Mir is a southpaw. Carwin fights from an orthodox stance. The pair will therefore engage in a dangerous foot position waltz where each man attempts to keep his lead foot outside of his opponent’s lead foot. The reason for fighting that chess match is that the man with his foot on the outside will have the best angle from which to fire a lead right, in the case of Carwin, or a lead left, in the case of Mir, because it aligns the shooter’s lead shoulder in line with the center of his opponent’s chest.
When Carwin finds himself in the proper position, he should fire away with lead rights. The jab is largely useless against a southpaw because he can easily defend the shot with his lead right hand. The basic hand position makes a southpaw’s right hand a very real obstacle to jab around. A lead right, by contrast, is thrown to the inside of a southpaw’s lead right hand and over the top of his cocked left hand. In other words, it travels right down the pipe.
Now, Carwin shouldn’t just run around the Octagon firing lead rights without thought or disguise. Overextending or telegraphing right hands will open the door for Mir to shoot for a takedown. He needs to fire the occasional jab just to keep Mir honest defensively. He should also follow up the lead right with left hooks underneath Mir’s right elbow to try to get him to hold his right hand lower, which will make it easier to land lead rights going forward.
Carwin does, however, need to focus on disposing of Mir quickly. In 11 career professional fights, the Colorado resident has never fought a full round. Indeed, he hasn’t even fought a full 150 seconds in any one fight.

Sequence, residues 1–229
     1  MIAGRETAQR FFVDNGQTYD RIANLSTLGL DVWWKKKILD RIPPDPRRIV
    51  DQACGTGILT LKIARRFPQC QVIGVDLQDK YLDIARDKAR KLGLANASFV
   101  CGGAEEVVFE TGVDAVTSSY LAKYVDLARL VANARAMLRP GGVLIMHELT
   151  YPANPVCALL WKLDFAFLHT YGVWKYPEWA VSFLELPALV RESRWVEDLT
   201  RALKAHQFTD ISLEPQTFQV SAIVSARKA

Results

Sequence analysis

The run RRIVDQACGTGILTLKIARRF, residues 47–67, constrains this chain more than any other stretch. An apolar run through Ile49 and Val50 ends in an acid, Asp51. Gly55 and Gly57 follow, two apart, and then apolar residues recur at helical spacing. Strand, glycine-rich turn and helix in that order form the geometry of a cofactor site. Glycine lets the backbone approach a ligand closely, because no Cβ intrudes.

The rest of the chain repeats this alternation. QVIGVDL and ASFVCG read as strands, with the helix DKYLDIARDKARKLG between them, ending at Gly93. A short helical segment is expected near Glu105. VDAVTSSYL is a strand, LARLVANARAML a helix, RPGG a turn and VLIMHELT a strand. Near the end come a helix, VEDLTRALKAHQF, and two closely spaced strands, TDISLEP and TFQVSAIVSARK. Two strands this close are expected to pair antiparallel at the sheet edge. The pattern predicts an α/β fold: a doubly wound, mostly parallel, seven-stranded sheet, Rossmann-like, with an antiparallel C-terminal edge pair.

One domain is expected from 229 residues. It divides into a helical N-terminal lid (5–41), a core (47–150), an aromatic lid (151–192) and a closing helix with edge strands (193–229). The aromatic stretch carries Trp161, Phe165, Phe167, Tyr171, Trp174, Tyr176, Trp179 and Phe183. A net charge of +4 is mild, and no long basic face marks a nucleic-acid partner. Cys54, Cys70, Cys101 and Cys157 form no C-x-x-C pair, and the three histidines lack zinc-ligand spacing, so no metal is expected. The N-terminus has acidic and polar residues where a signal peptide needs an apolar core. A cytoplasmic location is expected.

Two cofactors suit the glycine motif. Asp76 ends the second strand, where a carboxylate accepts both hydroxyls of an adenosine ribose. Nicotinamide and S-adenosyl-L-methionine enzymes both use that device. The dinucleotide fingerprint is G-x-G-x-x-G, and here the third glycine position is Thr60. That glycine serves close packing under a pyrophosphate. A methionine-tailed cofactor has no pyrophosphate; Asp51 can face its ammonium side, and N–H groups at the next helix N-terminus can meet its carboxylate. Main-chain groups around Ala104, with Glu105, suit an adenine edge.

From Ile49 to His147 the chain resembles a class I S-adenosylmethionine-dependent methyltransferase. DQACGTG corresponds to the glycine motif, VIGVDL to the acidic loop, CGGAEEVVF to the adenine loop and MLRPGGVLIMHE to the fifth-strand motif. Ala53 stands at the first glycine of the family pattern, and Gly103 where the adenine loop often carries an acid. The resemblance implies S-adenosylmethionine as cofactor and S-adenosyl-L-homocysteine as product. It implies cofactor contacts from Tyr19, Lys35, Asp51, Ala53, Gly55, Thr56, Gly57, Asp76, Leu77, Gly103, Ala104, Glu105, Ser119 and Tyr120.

Mir’s game plan undoubtedly includes ending the action as quickly as possible, though he won’t take unnecessary risks to score a quick stoppage. He knows that that the size of his opponent’s gas tank is the biggest question mark heading into the fight. Mir will likely take a very calculated approach to his standup attack as he tries to drag Carwin into the completely foreign waters of the second and third rounds and see if he can swim.
Carwin therefore has a choice to make. Does he press hard to score a knockout in the first round, which risks using gas that could be vital if the fight lasts past one round? Does he fight with a measured pace to conserve energy?
For my money, I’d have Carwin attack aggressively throughout the first round without worrying about rounds two through five. Both men are efficient finishers, so the odds of the bout lasting past two are exceedingly slim. Plus, Carwin cannot possibly accurately simulate in training what it is like to fight past one round because he cannot replicate the adrenalin spikes and emotional swings that drain a man’s energy more rapidly during a fight than even the most intense sparring sessions.